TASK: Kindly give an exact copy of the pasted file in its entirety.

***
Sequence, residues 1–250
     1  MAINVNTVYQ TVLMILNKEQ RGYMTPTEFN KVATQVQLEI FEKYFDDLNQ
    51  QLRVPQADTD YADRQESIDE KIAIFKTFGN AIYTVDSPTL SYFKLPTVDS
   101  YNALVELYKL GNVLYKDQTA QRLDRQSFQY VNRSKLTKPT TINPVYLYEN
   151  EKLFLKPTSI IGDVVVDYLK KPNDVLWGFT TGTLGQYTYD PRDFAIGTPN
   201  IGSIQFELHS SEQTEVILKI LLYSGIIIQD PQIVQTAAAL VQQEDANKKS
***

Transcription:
Sequence, residues 1–250
     1  MAINVNTVYQ TVLMILNKEQ RGYMTPTEFN KVATQVQLEI FEKYFDDLNQ
    51  QLRVPQADTD YADRQESIDE KIAIFKTFGN AIYTVDSPTL SYFKLPTVDS
   101  YNALVELYKL GNVLYKDQTA QRLDRQSFQY VNRSKLTKPT TINPVYLYEN
   151  EKLFLKPTSI IGDVVVDYLK KPNDVLWGFT TGTLGQYTYD PRDFAIGTPN
   201  IGSIQFELHS SEQTEVILKI LLYSGIIIQD PQIVQTAAAL VQQEDANKKS